Trifecta! Astronomers unravel stories behind three Munch masterpieces
Posted by Jayme Blaschke
University News Service
July 6, 2009
Famed Norwegian artist Edvard Munch (1863-1944) has long been a favorite of Texas State University-San Marcos faculty members Don Olson and Russell Doescher. In 2003, the physics department researchers connected the blood-red sky of Munch’s anguished masterpiece The Scream to the 1883 eruption of Krakatoa on the other side of the globe. They turned their attention to Munch’s beloved painting Girls on the Pier in 2006, firmly identifying the yellow orb in the sky as the moon—not the sun, as some had theorized—and used simple physics to explain why the moon cast no reflection on the waters.
For an encore, Olson and Doescher, along with Texas State Honors Students Joseph Herbert, Robert Newton and Ava Pope, apply their forensic astronomy tools to three of Munch’s masterworks, identifying the time and place of their creation—a one-month period in Åsgårdstrand, Norway, when some historians had traditionally believed Munch out of the country.
The Texas State researchers’ findings are published in the August 2009 issue of Griffith Observer magazine, and an account of their research in Norway will appear in the August 2009 issue of the Norwegian magazine Astronomi.
“We were investigating Munch’s 1893 painting Starry Night, and discovered that two other Munch paintings—The Storm and Sunrise in Åsgårdstrand—featured the same settings and also had been dated to that year,” Olson explained. “Several chronologies of Munch’s life place him in Germany at this time. One biography goes so far as to say, ‘Summer came, and Munch had neither the money nor the inclination to go to Norway.’ But we discovered a memoir by Jens Thiis, a long-time friend of the artist, which places him and Munch together in Åsgårdstrand on Aug. 17, 1893.”
With a starting date established, the team began the task of identifying various celestial objects in the three paintings. The Texas State team traveled to Norway to locate the painting sites, using precise topographic measurements and computer calculations. The resulting data convincingly tied Munch’s three paintings to his previously-undocumented visit to Åsgårdstrand.
In Starry Night, a particularly bright “star” above the horizon long held by previous scholars to be the planet Venus was identified as the planet Jupiter instead (Venus remained out of sight, below the horizon at this time of year). Similarly, a vertical white line visible among shadowy trees, previously identified as a reflection of the hidden moon, was revealed as a flag pole, clearly pictured in vintage photographs uncovered by the Texas State team in the archives of a local history expert.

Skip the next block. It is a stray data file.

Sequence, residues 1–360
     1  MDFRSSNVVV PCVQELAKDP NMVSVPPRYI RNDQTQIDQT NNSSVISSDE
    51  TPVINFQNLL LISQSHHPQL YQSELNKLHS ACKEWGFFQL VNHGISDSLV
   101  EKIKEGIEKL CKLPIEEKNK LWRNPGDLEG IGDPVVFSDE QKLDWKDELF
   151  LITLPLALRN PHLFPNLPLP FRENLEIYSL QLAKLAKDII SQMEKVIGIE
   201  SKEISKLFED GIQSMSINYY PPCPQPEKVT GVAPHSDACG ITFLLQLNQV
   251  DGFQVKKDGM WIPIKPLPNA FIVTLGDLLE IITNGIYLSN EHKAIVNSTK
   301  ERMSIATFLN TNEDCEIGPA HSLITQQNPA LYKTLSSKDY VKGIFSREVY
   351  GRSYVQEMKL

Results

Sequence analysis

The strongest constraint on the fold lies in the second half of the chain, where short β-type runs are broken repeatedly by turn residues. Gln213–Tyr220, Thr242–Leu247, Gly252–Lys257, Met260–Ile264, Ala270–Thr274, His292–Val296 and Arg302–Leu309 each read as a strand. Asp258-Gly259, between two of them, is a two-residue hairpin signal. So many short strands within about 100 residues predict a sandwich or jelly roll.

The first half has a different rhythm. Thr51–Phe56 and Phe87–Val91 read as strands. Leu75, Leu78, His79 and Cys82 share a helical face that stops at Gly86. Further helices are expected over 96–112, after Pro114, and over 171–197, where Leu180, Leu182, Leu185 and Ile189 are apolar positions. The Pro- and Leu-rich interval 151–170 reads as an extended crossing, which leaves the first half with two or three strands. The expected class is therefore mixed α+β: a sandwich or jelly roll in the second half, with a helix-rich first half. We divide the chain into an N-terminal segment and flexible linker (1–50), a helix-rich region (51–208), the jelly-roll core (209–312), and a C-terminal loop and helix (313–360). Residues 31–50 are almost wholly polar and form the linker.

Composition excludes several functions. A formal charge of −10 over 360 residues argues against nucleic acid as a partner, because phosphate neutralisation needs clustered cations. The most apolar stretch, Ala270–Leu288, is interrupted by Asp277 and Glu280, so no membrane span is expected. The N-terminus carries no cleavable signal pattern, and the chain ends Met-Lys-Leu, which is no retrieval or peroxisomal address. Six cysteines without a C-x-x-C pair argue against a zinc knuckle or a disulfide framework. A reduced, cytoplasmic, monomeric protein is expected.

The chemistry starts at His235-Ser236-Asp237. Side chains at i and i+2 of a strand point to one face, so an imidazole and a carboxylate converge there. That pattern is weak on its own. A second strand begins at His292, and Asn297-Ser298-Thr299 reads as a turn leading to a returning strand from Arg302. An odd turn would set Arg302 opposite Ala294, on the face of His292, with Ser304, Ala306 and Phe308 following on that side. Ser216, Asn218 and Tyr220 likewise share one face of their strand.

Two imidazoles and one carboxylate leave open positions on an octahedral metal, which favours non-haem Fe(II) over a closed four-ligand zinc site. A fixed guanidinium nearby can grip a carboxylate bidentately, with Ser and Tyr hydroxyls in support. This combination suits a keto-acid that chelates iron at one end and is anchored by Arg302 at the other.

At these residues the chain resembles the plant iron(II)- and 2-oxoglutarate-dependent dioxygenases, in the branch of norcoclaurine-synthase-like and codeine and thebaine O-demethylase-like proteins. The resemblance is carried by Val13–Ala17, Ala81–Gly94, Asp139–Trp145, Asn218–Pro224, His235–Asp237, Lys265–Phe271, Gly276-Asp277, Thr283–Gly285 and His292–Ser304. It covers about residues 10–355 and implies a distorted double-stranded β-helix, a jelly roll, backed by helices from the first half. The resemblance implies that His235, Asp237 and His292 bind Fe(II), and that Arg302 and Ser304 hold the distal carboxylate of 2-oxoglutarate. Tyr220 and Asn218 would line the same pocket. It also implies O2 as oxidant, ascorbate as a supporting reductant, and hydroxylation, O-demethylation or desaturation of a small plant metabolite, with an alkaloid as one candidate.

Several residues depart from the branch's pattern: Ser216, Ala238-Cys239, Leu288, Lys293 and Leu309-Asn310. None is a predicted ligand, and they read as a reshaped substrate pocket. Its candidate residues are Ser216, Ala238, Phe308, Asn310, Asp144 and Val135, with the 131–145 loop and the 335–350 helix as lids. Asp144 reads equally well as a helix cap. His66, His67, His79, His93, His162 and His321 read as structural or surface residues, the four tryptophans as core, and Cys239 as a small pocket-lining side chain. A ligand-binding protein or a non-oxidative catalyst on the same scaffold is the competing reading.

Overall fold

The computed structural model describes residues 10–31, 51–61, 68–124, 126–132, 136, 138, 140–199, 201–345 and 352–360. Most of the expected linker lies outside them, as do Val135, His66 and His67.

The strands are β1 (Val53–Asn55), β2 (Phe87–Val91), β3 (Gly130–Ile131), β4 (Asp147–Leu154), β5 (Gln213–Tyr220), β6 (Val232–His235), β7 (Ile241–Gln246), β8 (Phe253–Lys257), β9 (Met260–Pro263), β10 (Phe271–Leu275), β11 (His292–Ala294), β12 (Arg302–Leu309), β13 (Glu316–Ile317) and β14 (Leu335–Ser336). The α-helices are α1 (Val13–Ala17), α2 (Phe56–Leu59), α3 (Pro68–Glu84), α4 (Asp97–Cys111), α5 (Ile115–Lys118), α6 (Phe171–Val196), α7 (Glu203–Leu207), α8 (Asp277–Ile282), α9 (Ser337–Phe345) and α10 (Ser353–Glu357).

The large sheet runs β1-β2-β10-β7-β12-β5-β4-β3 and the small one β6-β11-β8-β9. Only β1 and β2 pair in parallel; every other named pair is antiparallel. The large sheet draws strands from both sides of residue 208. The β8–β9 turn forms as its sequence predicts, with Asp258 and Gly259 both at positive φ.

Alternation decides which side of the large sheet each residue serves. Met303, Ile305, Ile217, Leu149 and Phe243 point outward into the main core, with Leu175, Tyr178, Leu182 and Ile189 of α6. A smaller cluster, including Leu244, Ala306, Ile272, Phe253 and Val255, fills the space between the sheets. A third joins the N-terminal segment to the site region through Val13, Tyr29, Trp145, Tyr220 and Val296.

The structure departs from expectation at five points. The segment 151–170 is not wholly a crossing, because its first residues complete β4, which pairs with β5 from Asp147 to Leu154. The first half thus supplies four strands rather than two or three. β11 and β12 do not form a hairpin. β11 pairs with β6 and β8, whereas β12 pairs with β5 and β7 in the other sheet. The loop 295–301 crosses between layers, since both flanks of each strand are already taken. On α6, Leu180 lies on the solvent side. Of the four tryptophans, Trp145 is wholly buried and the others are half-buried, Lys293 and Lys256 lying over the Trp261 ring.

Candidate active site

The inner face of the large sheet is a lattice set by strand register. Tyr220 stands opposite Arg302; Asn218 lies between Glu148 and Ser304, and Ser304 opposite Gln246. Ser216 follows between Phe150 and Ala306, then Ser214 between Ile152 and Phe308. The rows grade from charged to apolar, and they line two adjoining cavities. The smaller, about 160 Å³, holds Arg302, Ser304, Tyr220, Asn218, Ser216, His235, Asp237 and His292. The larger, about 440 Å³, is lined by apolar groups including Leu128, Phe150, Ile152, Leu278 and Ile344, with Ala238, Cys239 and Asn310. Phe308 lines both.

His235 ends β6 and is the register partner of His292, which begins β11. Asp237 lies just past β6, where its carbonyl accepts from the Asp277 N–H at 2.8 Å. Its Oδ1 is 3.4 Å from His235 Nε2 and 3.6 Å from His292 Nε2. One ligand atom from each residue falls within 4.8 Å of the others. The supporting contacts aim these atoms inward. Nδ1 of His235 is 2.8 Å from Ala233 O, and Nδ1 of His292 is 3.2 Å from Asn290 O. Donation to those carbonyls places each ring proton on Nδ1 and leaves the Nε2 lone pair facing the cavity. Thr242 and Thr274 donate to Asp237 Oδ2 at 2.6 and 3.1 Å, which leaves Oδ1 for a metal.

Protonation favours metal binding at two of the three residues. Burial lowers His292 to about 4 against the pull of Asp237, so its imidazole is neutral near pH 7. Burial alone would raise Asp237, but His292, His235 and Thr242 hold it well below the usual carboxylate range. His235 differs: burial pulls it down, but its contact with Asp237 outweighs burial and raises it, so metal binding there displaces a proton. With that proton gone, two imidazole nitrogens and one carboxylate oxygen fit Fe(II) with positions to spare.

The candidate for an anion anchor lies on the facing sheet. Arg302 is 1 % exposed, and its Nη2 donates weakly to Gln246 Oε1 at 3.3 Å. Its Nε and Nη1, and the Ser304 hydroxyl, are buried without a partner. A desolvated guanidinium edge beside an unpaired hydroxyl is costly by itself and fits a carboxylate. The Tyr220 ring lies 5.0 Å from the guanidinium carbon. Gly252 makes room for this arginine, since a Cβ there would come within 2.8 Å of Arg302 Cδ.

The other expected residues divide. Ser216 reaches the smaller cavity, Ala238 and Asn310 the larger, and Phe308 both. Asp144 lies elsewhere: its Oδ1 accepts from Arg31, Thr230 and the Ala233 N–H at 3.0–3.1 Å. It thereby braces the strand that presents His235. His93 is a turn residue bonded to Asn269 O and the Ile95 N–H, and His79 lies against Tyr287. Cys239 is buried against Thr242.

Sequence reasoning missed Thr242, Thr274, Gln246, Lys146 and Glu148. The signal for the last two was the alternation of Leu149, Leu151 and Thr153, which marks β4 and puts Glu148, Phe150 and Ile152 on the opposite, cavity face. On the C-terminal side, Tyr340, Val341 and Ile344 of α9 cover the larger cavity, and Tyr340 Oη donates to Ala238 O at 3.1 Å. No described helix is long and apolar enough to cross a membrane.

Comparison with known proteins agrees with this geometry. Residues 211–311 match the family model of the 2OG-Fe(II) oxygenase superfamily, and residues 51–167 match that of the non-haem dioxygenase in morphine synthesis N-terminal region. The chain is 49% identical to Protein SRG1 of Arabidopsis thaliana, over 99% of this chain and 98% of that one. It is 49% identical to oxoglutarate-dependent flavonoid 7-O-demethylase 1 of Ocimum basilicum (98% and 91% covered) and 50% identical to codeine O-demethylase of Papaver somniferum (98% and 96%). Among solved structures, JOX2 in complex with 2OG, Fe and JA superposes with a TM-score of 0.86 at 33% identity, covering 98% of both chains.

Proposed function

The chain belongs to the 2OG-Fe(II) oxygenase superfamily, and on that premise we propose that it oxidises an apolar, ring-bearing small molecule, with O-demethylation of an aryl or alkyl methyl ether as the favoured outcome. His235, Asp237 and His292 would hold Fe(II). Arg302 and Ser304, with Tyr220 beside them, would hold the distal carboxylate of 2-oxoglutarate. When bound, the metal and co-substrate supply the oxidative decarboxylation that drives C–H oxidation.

With Munch’s ominous The Storm, the researchers sifted through Norwegian weather records to discover that the painting must depict the unusually strong thunderstorm that hit Åsgårdstrand on the evening of Aug. 19, 1893. Thiis’ memoir also includes mention of the storm, identifying the gathering of women as fishermen’s wives worried about their husbands.
Thiis also writes: “The next day, Munch painted the events in his famous picture The Storm... The house with the illuminated windows is the hotel where we stayed, and the woman in white in the foreground is my future wife.”
With the date and directions now known, the Texas State researchers were able to identify the single star in the upper right corner of the painting as Arcturus, the second-brightest star in the Norwegian night sky after Sirius.
Finally, for Sunrise in Åsgårdstrand the precise position of the rising sun and the glitter path reflecting in the fjord provided another piece of evidence confirming Munch’s presence in Norway at the end of the summer of 1893. Using landmarks in the painting as a guide, the researchers determined the exact house and room affording Munch the view he subsequently painted.
“We realized that we were standing on the same floorboards by the same window where the artist himself had looked out to watch the rising Sun, more than 100 years ago,” Pope said.
Munch could only have observed the sun rising at this particular position during the second week of April—a time when he was documented as being in Germany—or the first five days of September. Since Munch was established as making a late-August visit to Åsgårdstrand, the early September date dovetails nicely with the other accumulated evidence.
“It is pretty clear that Munch started from observations of nature during this visit to Åsgårdstrand, but then he showed his artistic genius by expressing emotional content that goes beyond literal depictions,” Olson said. “Knowing the details of the celestial scenes in these paintings only increases our admiration of the artist’s skill at portraying the summer skies of Norway.”